Objectives: This study aimed to evaluate whether polarimetry, performed using a modified optical frequency domain imaging (OFDI) system, can improve the assessment of histological features relevant to characterizing human coronary atherosclerosis.
Background: The microscopic structure and organization of the arterial wall influence the polarization of the infrared light used by OFDI. Modification of the OFDI apparatus, along with recently developed image reconstruction methods, permits polarimetric measurements simultaneously with conventional OFDI cross-sectional imaging through standard intravascular imaging catheters.
Methods: The main coronary arteries of 5 cadaveric human hearts were imaged with an OFDI system capable of providing polarimetric assessment. Cross-sectional views of tissue birefringence, measured in refractive index units, and depolarization, expressed as the ratio of depolarized signal to total intensity, were reconstructed, together with conventional OFDI images. Following imaging, the vessels underwent histological evaluation to enable interpretation of the observed polarization features of individual tissue components.
Results: Birefringence in fibrous tissue was significantly higher than in intimal tissue with minimal abnormality (0.44 × 10-3 vs. 0.33 × 10-3; p < 0.0001). Birefringence was highest in the tunica media (p < 0.0001), consistent with its high smooth muscle cell content, cells known to associate with birefringence. In fibrous areas, birefringence showed fine spatial features and close correspondence with the histological appearance of collagen. In contrast, necrotic cores and regions rich in lipid elicited significant depolarization (p < 0.0001). Depolarization was also evident in locations of cholesterol crystals and macrophages.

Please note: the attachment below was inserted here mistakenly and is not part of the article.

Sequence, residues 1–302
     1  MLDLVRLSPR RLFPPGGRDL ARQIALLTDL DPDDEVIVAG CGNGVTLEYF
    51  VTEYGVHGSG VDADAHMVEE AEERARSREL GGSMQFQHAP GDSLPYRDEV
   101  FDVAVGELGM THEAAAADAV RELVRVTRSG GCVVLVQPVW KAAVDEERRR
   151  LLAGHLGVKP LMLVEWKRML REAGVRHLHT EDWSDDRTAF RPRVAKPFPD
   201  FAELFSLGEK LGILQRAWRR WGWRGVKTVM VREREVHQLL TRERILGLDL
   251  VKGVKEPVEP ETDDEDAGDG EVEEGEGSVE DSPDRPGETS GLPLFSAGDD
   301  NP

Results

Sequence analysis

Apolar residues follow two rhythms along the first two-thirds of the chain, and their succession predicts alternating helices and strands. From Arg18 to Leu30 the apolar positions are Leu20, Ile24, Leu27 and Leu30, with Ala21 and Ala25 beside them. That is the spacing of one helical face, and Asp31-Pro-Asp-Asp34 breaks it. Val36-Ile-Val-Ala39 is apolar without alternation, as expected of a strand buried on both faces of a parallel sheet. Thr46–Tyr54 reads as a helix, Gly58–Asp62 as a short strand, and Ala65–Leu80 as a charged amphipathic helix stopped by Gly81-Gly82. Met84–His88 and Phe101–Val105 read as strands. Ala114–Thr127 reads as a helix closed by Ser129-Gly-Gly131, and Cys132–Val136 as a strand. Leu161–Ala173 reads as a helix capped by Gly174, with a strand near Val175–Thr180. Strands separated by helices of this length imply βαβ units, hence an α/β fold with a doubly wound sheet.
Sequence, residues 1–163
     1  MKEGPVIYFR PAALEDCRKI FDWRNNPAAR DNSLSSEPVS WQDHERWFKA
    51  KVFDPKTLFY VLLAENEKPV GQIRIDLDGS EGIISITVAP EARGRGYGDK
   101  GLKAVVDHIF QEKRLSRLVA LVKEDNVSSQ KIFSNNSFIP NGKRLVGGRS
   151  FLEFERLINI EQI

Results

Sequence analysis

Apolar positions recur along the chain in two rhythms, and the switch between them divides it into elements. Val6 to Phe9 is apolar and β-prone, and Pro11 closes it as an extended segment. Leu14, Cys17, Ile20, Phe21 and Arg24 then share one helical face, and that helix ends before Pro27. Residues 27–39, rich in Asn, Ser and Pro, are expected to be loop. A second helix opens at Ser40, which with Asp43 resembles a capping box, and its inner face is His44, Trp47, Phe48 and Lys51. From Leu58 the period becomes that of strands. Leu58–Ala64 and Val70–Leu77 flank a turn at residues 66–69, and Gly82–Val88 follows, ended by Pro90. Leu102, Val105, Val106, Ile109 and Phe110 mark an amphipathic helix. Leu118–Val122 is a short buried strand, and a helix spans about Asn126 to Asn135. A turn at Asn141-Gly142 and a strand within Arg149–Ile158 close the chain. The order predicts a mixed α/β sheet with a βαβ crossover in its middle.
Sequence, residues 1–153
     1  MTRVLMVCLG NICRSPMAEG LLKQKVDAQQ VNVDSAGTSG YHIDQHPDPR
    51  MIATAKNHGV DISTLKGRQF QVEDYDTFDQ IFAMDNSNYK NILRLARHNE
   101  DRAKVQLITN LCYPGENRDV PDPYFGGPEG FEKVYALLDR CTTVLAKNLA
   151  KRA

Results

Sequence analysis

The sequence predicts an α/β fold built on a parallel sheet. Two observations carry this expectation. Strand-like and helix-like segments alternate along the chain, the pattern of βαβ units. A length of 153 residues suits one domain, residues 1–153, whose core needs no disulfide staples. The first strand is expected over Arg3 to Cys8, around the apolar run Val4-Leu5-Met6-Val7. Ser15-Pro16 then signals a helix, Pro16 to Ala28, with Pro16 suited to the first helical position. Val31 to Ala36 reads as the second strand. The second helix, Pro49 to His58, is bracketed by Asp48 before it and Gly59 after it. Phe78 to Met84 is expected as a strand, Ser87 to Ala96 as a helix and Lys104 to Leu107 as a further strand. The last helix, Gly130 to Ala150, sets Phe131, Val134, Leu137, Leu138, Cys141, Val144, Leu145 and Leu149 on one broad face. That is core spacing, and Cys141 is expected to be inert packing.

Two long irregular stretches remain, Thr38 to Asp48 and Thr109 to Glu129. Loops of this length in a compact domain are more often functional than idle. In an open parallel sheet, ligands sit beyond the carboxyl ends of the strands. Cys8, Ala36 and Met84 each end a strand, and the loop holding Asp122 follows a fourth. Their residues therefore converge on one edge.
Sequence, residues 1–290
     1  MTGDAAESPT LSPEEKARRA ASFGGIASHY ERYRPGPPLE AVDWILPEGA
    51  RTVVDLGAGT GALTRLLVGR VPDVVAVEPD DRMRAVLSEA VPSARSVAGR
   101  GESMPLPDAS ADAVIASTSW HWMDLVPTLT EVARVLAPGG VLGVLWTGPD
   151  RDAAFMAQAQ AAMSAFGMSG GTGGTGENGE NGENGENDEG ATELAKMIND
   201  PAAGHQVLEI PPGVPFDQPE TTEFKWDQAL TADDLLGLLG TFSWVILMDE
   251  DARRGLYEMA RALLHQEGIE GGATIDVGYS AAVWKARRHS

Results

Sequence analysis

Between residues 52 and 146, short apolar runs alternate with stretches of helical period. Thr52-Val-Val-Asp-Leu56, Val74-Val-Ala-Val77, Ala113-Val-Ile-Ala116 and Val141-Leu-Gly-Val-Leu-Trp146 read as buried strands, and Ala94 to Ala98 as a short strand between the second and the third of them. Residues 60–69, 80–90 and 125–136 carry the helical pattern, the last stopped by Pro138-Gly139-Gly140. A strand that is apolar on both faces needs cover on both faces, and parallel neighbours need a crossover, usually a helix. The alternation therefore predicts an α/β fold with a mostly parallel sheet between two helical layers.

Conclusions: Intravascular measurements of birefringence and depolarization can be obtained using conventional OFDI catheters in conjunction with a modified console and signal processing algorithms. Polarimetric measurements enhance conventional OFDI by providing additional information related to the tissue composition and offer quantitative metrics enabling characterization of plaque features.

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doi.org/10.1016/j.jcmg.2017.09.023, hdl.handle.net/1765/103691
JACC: Cardiovascular Imaging
Erasmus MC: University Medical Center Rotterdam

Villiger, P. M., Otsuka, K. (Kenichiro), Karanasos, A., Doradla, P. (Pallavi), Ren, J. (Jian), Lippok, N. (Norman), … Bouma, B. (2017). Coronary Plaque Microstructure and Composition Modify Optical Polarization. JACC: Cardiovascular Imaging. doi:10.1016/j.jcmg.2017.09.023